SWANS ISLAND — Four months before the bungled burglary at the Watergate Hotel and eight months before the re-election of President Nixon, Dexter Lee was first elected to the Board of Selectmen here.
That was 45 years ago. And except for a break of less than two years in the early 1990s, he has been serving the town in that capacity ever since.
Lee decided not to seek re-election this year, ending his run as the longest-serving elected official in Hancock County. His term ends next Wednesday, March 8, when voters at town meeting will choose his successor.
Will Lee’s knowledge and experience be missed?
“You’d better believe it,” said Myron “Sonny” Sprague Jr., longtime member of the Board of Selectmen and its current chairman.
“Dexter Lee probably knows more about the town of Swans Island than anybody does. No one could know more. He’s really a walking library.”
Town Clerk Gwen May, who has worked with Lee for many years, agreed.
“His knowledge of the history of the island has been invaluable and is really going to be missed. It’s irreplaceable. He’s definitely the go-to man if you want to know anything about any part of the town.”
Lee was born in Massachusetts. His family moved to western Maine in 1950, when he was 5, and to Swans Island in 1960.
Dexter has worked on Swans Island as a carpenter, a lobster buyer and an environmental technician at an aquaculture facility. He was manager of the Swans Island Electric Cooperative for 10 years in the 1970s and ‘80s. He currently works part time at the Post Office.
Swans Island doesn’t have a town manager, so for a number of years now, Lee has doubled as town administrator.
“Dexter has been the selectman who liked working in the office,” Sprague said. “That’s been his job, and he’s done it very well. The selectmen make decisions, and Dexter carries them out.”
Asked why he has stayed on the Board of Selectmen for more than four decades, Lee said, “I’ve got broad shoulders. And I like seeing projects start out and then seeing how they end up over the years.
“I’ve seen a lot of changes [including] affordable housing, housing for the elderly and the Mill Pond Health Clinic.”
Lee, 72, said he decided not to seek re-election this year because he is “sick of evening meetings” and wants time to do other things.
“I want to write a history of the houses on Swans Island – when they were built, who built them and maybe what they looked like at different stages,” he said.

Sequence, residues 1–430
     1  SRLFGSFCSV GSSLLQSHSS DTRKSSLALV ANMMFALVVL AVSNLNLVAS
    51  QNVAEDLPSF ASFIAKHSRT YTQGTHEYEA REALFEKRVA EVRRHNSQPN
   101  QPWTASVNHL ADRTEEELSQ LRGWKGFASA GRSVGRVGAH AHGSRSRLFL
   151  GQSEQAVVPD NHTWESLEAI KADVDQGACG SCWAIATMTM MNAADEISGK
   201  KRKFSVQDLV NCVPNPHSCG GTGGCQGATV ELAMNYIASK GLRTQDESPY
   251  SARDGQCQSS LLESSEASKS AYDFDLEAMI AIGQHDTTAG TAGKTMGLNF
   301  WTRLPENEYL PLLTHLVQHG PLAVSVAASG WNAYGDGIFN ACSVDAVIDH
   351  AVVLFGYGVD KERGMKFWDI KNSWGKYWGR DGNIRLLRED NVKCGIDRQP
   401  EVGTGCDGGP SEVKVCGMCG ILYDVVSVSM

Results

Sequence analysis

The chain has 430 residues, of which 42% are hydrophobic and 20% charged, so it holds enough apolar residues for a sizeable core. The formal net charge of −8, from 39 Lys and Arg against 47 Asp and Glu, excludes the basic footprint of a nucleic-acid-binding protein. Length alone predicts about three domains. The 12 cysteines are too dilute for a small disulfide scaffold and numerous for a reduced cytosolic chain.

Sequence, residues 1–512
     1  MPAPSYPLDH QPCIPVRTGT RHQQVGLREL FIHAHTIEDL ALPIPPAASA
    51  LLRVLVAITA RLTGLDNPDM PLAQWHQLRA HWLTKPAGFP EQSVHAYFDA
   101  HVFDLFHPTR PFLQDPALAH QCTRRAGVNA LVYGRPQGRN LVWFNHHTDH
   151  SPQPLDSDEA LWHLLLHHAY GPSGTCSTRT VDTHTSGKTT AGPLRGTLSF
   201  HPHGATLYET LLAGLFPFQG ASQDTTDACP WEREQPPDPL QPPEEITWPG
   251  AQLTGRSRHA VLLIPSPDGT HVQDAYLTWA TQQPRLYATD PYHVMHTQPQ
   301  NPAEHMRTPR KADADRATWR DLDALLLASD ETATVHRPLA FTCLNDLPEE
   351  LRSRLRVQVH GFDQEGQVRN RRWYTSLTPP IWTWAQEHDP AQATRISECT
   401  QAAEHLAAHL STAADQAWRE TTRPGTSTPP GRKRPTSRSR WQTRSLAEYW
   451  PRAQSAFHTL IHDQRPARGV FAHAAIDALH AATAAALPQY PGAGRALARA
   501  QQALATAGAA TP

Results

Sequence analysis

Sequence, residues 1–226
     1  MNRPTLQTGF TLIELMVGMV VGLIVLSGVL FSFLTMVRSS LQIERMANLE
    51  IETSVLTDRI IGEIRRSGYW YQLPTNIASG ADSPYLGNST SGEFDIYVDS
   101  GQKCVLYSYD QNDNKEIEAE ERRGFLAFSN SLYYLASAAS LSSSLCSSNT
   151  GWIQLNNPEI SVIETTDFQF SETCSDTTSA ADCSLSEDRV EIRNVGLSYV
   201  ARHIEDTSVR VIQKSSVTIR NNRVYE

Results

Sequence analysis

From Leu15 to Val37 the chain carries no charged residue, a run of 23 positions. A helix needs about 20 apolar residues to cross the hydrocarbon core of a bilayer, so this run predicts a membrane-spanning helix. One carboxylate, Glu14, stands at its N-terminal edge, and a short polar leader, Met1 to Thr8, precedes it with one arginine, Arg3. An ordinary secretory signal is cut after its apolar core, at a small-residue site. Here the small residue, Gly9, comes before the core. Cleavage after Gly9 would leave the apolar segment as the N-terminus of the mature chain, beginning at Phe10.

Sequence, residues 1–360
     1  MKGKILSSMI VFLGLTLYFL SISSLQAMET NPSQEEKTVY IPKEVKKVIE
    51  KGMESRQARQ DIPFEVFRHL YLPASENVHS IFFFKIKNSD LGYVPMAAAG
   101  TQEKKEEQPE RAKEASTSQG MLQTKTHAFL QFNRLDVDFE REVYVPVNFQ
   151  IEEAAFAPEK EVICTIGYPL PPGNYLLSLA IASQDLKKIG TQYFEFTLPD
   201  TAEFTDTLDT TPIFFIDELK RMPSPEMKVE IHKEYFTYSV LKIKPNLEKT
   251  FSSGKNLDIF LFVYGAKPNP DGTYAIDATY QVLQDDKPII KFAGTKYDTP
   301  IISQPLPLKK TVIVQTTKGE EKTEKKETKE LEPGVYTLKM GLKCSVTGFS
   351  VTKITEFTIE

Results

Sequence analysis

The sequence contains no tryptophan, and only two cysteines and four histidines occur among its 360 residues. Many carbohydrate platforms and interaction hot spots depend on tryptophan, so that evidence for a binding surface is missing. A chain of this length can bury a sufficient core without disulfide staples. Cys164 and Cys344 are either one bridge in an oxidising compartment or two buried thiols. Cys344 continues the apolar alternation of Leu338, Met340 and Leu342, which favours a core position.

As part of the run-up to the celebration of Maine’s bicentennial as a state in 2020, Lee plans to research and write about the residents of Swans Island in 1820.
“It will be about who was here, where they lived and what they were doing,” he said. “I’d like to know how they voted, but that’s probably going to be hard.”
(James Monroe was re-elected president that year.)
Lee said he inherited his fascination with history and genealogy.
“My father and his mother and her aunts were always interested in it,” he said. “So, for me, it’s just normal to look things up.”
Part of Lee’s service to Swans Island over the years has been as sort of an ambassador.
He is a former chairman of the Hancock County Planning Commission and former member of the Maine Islands Coalition. He has represented Swans Island on the board of the Acadia-area League of Towns since that group was formed. And he is a charter member of the Acadia National Park Advisory Commission, created by Congress in 1986 as part of the law that established the park’s permanent boundary.
Lee was part of the delegation of area officials who testified before a congressional committee in support of the boundary bill.
“There was a fear at the time that Acadia National Park was going to take over Marshall Island,” Lee said of the small island to the southwest of Swans. “The fishermen locally were very dead set against it for all kinds of reasons.”
Lee’s father, Henry, was a sea captain. And, yes, Capt. Henry Lee, the Maine State Ferry vessel that serves Swans Island, is named for him.
“The islanders got to pick the name of the boat, and it was a vote between him and another captain,” Lee said. “I tried to stay clear of the whole thing.”